Plastic bottles might take 70 to 450 years to decompose in landfill sites, compared to 1 to 2 million years for glass bottles, compared to 200 years for aluminum cans (


– Human Health

[the chemical BPA is used in some water bottles than contain] polycarbonate plastic [and a major study linked low levels of BPA exposure to some health impacts for humans]. [Some national food regulators say] BPA poses no significant health risks at the low levels that migrate from plastic packaging into food and drink. [As a solution to BPA concerns -] PP (code 1) and PET (code 5) plastic do not contain BPA and have no known health hazards. If you are concerned about BPA, a number of brands now make ‘BPA-free’ plastic reusable bottles (

Though BPA has been banned in some plastic products — such as baby bottles and sippy cups — its often replaced by a chemical called BPS that may also be toxic, as well as harmful. Check labels carefully, and look for the number “7” printed in the plastic, as this can be an indicator of BPA content (

… plastics made with BPA will often have a resin code of 7 appearing on the item. (


– Usage

Soft plastic can dent and lose it’s shape or scrunch up when in use, where as hard plastic and reusable plastic water bottles last far longer and keep their shape far better

[plastic bottles have lifestyle benefits including being more] lighter and more flexible (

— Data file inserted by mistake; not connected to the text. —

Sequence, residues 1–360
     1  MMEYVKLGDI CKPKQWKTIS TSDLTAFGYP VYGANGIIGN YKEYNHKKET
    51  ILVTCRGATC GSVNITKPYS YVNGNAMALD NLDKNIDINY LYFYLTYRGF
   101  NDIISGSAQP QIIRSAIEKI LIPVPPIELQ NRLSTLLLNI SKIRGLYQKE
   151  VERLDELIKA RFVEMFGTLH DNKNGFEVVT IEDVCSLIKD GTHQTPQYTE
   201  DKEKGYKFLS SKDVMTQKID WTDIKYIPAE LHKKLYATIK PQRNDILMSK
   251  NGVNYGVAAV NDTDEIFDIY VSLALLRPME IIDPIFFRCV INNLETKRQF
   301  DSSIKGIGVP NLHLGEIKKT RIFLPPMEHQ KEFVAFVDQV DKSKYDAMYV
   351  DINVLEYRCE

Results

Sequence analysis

– Other Notes

Globally, we spend over $100 billion every year on bottled water … [and in theory] one year’s revenue from these [plastic water bottle] corporations could be used to permanently resolve the global water crisis and they would still have a few billion dollars left to pocket. (

[re-usable plastic is better than single use plastic environmentally] (

plastic is much better for the environment in many cases [compared to glass] (

… many water bottle distributors use tap water to fill their bottles, and the truth is, tap water is better regulated than bottled water in terms of safety requirements … [so people are buying water they get for free and buying bottles that produce waste] … The US is one of the worst per capita plastic bottle users in the world (

[One estimate put plastic at 400 years to decompose, with very high impact on wild life and micro plastic decomposition residue] (


Pros & Cons Of Glass Bottles

[Be aware of the] different types of glass.

Borosilicate [used in Pyrex]… can withstand high and low temps without shattering and is lighter and less prone to break. Soda lime glass or traditional glass are also great options that are less expensive (

… borosilicate [is] stronger, lighter and handles a greater temperature range than typical glass (